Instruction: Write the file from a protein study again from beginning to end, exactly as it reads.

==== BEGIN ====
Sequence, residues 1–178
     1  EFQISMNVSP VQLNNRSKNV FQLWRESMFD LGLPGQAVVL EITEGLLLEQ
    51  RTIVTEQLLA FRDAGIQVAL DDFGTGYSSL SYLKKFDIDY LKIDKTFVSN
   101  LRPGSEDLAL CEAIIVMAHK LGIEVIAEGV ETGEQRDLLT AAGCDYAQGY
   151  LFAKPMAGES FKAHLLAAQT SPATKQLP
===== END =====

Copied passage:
Sequence, residues 1–178
     1  EFQISMNVSP VQLNNRSKNV FQLWRESMFD LGLPGQAVVL EITEGLLLEQ
    51  RTIVTEQLLA FRDAGIQVAL DDFGTGYSSL SYLKKFDIDY LKIDKTFVSN
   101  LRPGSEDLAL CEAIIVMAHK LGIEVIAEGV ETGEQRDLLT AAGCDYAQGY
   151  LFAKPMAGES FKAHLLAAQT SPATKQLP